11. Species at Risk Act • Passed in 2002 • Protects 233 endangered species • Administered jointly by: ministry of environment; DFO; Canadian heritage ministry • 3 purposes: • Prevent Canadian wildlife species at risk from becoming extinct or extirpated • Provide recovery for species at risk • Encourage the management of species in order to keep them from becoming at risk

  12. Species at Risk Act • Under this act, anyone who harms or threatens endangered animals can be prosecuted • Max penalties • For-profit corporation: $1 million • Non-profit corporation: $250,000 • Individual: $250,000 and/or up to 5 years

  13. Bill C-45 (Omnibus Budget) • “Streamlined” through House of Commons in 2012 • Major component is the removal of “red tape” (i.e. environmental regulations) that stand in way of development • Repeals the Canadian Environmental Assessment Act • Amends the Species at Risk Act and the Navigable Waters Protection Act (removes protection of endangered species and their habitat when approving pipeline projects) • Amends the Fisheries Act by removing provisions for habitat protection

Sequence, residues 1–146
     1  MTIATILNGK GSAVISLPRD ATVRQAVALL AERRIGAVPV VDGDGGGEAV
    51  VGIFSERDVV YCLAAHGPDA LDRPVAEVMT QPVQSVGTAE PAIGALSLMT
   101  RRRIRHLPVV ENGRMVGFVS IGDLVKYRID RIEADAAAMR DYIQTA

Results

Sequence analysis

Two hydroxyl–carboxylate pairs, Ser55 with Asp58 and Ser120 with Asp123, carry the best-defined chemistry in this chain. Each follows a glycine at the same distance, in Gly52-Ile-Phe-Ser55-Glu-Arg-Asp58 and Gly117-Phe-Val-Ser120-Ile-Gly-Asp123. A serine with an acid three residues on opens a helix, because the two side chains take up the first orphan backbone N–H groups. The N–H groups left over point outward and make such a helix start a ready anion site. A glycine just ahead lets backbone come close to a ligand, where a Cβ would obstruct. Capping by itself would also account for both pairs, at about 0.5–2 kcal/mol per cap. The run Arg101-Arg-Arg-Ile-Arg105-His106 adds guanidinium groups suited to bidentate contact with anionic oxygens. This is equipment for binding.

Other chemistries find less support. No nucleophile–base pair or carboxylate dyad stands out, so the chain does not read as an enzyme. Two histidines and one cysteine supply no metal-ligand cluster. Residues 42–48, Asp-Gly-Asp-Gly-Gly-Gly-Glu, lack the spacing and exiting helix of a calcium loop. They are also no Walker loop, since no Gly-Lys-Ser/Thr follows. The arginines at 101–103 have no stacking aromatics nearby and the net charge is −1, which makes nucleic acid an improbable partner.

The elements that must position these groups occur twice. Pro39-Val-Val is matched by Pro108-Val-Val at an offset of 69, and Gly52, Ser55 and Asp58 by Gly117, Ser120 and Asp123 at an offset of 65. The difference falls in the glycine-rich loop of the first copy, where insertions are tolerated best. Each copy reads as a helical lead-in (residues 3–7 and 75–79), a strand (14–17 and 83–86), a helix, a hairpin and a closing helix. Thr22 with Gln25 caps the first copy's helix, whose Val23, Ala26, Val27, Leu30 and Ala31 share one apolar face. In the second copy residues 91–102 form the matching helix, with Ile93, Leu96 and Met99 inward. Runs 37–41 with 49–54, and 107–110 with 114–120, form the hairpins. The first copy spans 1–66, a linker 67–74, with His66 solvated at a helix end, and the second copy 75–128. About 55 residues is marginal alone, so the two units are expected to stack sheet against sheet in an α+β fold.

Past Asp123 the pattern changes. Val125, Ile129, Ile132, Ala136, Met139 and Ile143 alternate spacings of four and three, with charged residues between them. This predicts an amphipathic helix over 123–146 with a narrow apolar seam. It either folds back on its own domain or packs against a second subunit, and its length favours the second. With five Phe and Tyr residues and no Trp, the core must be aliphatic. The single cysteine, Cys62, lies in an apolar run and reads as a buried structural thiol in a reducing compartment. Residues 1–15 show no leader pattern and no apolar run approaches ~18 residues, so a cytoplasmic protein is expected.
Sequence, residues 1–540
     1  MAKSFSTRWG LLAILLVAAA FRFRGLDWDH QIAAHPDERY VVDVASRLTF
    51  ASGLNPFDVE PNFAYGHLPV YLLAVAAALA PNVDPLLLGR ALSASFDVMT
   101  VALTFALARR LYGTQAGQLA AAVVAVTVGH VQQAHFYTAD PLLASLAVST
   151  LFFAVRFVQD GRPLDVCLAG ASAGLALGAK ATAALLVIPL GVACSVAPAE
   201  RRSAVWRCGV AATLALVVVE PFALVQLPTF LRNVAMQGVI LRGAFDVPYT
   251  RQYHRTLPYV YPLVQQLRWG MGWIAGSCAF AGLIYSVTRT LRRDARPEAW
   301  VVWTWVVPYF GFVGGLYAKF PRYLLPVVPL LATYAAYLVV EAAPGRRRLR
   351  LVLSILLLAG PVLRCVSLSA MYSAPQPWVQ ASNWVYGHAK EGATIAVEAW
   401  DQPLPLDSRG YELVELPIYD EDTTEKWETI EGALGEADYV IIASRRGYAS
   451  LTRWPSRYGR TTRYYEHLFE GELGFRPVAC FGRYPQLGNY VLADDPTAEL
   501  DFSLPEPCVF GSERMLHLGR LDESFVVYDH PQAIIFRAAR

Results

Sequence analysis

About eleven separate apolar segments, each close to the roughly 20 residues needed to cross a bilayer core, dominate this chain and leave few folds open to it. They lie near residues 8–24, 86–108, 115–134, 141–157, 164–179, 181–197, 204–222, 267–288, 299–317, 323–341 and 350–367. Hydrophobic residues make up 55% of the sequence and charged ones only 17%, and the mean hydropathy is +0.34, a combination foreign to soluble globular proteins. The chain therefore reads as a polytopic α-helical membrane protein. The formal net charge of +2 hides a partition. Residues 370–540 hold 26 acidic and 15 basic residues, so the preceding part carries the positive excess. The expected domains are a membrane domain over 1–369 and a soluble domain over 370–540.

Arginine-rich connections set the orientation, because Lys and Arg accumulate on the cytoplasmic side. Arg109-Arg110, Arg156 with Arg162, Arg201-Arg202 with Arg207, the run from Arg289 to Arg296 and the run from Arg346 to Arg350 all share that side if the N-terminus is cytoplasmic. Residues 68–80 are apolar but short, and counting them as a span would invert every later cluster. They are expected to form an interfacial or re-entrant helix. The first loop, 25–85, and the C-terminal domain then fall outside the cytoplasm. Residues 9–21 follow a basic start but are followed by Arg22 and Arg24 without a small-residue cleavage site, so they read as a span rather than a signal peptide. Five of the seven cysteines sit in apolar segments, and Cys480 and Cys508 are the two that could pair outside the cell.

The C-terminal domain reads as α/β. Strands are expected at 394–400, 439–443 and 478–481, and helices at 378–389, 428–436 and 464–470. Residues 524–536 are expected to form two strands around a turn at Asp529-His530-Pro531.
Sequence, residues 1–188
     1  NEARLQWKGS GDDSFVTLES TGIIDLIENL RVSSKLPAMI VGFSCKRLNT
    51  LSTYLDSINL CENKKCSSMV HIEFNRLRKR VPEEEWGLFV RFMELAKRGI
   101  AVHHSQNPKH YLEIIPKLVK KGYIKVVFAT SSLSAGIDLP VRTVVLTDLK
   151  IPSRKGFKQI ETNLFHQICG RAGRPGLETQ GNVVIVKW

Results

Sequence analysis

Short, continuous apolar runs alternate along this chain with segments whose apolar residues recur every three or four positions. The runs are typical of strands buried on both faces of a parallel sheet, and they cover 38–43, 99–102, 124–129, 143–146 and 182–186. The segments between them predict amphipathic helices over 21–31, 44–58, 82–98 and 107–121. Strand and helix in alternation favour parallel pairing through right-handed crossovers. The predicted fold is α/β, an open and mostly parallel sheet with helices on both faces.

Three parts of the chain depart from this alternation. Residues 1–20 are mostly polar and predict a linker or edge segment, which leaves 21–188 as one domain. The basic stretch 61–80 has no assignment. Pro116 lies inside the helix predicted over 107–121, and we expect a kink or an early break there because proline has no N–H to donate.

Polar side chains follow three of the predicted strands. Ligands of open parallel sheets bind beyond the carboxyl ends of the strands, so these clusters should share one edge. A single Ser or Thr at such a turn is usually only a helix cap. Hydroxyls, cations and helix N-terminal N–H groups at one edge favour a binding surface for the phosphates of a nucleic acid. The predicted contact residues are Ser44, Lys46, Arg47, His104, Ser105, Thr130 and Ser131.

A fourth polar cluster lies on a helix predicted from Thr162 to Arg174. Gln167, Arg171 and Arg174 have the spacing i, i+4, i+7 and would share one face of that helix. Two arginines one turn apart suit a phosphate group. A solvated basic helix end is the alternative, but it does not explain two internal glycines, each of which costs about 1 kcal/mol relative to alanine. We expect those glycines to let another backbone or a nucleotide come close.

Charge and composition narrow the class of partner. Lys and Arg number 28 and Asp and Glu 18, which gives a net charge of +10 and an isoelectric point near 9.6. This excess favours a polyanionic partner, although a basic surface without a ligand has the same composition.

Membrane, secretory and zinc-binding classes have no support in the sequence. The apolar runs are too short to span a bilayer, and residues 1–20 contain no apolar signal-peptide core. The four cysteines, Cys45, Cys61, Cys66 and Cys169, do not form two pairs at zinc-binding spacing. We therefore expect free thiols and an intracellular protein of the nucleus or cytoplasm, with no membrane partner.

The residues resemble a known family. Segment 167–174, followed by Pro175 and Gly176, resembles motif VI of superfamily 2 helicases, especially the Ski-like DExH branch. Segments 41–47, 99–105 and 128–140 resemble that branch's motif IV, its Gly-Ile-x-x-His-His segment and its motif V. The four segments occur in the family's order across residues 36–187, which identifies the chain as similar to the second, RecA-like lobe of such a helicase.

14. Why? • Dec. 12, 2011 letter to Environment Minister Peter Kent and Natural Resources Minister Joe Oliver • From a group called the Energy Framework Initiative (EFI) • Canadian Association of Petroleum Producers • the Canadian Energy Pipeline Association • the Canadian Petroleum Products Institute • the Canadian Gas Association

  15. Why? • "The purpose of our letter is to express our shared views on the near-term opportunities before the government to address regulatory reform for major energy industries in Canada," • The letter specifically mentions six laws that relate to the oil and gas industry's ability to do its work: • National Energy Board Act • Canadian Environmental Assessment Act • Fisheries Act • Navigable Waters Protection Act • Species at Risk Act • Migratory Birds Convention Act